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Agreed on "Countdown." A great episode, very cleverly done. That first season of My Three Sons is especially strong, due in large part to the unified vision of Peter Tewksbury, who directed all of that inaugural season's episodes.

Another great line-up of shows there, Steve, lots of variety...and what a coincidence that we both watched the "Jaime's Shield" Bionic Woman two-parter around the same time.
It caught my attention too. We probably watched it within a week of each other which made your write up that much more interesting to me.
 

Purple Wig

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Watched a few episodes of Gunsmoke this week and found this LP today.
44A0552D-9DB6-4943-AB8B-772438BAF56A.jpeg
 

The 1960's

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I found this to be quite interesting. It's the first comment below this video audio track on YouTube.

Ernie Winfrey 5 years ago:
Having been the engineer on this album, I have a few things to say about it. The first thing is that on this video the track was sped up...Why, I don't know. Because It was just as bad at normal speed. I have to give Burt credit for having the balls to even try it. My boss, and his friend Buddy Killen, got together with Goldsboro and decided that, considering Burt's huge popularity at that time, they would sell tons of records based solely on his fame. I know that Burt knew in his heart that he didn't really have the chops to bring it off but he may have expected me to perform miracles on his voice. I know this because when I was out adjusting his mic he whispered..."Ern, please help me sound as good as you can." As you can see I have only so much control over that. All the effects in the world will not make a bad singer sound good.But the most important thing to me was how humble he was and how down to earth he was. After we finished recording all his vocal tracks Buddy invited him to go out and eat. They left and I was putting all the tapes back in the boxes and Iheard "Hey Ern!". Burt stuck his head in the door and said "Come on man...We can't forget our engineer." That’s the type of guy he was. I understand that it was the stunt men and crew that Burt hung out with on his movie sets. The most endearing thing that Burt did was to call Dinah Shore (who he was dating at the time) every night after that days sessions were over and play her the results holding the phone up to the speakers. I kept his vocal down in the mix so it was hard to tell how really bad it was. But he seemed to be so proud of his shot at being a recording artist. Although Burt will never be that recording artist he wanted to be, I can truthfully say from my observation that he is one of the nicest, most humbleguys I've ever worked with in the studio. It kills me to see the problems he's gone through the past few years.​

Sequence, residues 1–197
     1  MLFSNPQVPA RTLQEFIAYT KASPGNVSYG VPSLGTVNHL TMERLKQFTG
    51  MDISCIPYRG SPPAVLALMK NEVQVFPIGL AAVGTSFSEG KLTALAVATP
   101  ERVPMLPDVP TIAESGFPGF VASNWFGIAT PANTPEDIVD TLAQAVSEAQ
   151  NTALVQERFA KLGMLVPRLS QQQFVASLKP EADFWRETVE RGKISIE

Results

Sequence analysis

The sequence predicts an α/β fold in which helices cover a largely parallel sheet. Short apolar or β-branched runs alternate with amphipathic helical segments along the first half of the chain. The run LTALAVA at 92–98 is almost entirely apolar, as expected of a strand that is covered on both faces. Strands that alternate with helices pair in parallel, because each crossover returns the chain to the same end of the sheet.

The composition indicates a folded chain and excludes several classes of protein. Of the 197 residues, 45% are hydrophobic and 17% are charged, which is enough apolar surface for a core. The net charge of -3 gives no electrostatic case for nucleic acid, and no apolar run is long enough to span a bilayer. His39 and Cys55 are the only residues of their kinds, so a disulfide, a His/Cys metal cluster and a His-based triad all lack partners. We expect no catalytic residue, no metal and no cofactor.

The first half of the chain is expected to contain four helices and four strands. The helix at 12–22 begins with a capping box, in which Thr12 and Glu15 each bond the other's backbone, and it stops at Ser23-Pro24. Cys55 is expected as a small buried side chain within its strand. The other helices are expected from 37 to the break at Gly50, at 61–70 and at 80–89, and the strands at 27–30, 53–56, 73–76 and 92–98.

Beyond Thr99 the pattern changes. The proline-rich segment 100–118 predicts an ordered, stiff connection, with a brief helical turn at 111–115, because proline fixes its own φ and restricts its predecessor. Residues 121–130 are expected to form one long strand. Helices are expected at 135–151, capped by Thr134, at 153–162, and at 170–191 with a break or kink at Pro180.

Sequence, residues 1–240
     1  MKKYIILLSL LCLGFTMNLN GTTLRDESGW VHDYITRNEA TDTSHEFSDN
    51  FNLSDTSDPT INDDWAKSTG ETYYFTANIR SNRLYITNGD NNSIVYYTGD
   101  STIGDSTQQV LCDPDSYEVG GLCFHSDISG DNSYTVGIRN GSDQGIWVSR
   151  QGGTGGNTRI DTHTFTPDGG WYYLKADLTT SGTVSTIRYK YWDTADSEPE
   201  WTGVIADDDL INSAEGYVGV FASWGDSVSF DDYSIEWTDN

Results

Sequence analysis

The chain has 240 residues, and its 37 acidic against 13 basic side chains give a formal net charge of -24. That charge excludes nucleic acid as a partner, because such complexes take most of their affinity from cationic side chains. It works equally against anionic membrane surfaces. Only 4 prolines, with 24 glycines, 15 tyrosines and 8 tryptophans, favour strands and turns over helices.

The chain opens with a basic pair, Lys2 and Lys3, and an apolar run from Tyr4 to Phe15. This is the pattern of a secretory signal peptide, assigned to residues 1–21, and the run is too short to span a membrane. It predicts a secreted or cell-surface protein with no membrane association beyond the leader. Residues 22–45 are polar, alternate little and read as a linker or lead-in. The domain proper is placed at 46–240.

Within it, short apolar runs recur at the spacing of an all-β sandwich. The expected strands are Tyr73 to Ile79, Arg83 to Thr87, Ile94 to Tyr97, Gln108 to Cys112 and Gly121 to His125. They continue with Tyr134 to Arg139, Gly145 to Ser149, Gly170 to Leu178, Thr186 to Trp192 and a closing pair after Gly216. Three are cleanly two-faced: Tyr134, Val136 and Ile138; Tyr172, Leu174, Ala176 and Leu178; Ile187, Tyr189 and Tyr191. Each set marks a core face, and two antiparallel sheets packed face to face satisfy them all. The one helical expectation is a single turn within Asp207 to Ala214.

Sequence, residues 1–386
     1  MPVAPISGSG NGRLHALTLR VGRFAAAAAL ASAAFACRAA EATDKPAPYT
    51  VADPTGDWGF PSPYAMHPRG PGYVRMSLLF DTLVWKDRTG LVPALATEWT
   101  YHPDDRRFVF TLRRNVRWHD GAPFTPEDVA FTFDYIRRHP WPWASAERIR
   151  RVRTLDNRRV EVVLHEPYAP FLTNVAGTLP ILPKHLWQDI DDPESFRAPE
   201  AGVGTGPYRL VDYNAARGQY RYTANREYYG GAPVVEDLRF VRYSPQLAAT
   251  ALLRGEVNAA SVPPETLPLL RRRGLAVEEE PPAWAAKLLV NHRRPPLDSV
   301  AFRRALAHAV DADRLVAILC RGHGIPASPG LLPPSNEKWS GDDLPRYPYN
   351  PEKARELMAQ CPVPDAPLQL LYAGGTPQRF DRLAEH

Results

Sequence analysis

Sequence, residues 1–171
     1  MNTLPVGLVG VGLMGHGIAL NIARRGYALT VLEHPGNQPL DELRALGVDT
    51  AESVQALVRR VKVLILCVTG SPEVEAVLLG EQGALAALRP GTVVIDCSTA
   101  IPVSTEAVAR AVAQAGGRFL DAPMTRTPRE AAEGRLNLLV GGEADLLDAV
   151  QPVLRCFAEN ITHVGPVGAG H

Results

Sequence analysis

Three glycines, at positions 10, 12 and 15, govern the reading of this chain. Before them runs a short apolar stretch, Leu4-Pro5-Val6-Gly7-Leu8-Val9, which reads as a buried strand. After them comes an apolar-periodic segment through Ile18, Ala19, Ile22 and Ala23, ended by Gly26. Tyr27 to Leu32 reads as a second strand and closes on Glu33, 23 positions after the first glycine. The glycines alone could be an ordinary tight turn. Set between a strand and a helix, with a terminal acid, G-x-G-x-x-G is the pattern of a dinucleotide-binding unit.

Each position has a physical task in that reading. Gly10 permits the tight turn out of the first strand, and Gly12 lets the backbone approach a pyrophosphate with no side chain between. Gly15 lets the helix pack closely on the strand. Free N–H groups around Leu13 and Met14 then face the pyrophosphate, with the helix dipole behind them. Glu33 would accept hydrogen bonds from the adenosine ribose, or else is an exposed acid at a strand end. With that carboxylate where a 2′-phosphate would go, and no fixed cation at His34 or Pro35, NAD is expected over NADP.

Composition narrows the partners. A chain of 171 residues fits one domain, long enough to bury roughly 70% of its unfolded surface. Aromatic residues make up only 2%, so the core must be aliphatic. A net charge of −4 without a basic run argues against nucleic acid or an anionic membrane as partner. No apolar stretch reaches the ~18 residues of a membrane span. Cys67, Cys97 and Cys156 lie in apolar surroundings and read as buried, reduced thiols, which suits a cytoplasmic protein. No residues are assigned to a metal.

Flashgear

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My tribute to early James Caan's career work on TV, continued. He was increasingly busy during the 1962-63 season, with good performances and greater visibility, appearing 3 times on network shows within about 7 weeks (I've already featured his Wide Country and Dr. Kildare episodes upthread). His episode of The Untouchables, under the direction of the great Ida Lupino, gave him another good crack at refining his action-star persona in the company of several rising and accomplished actors, and several veterans, all familiar faces. And with this 1930s gangland wardrobe, he even looks like the 'Sonny' he would be in The Godfather ten years later!

The Untouchables S4E10, A Fist Of Five (Dec. 4, 1962) W: Herman Groves, D: Ida Lupino. Guest starring Lee Marvin, Frank DeKova, Phyllis Coates, Roy Thinnes, James Caan, Marianna Hill, Tom Brown.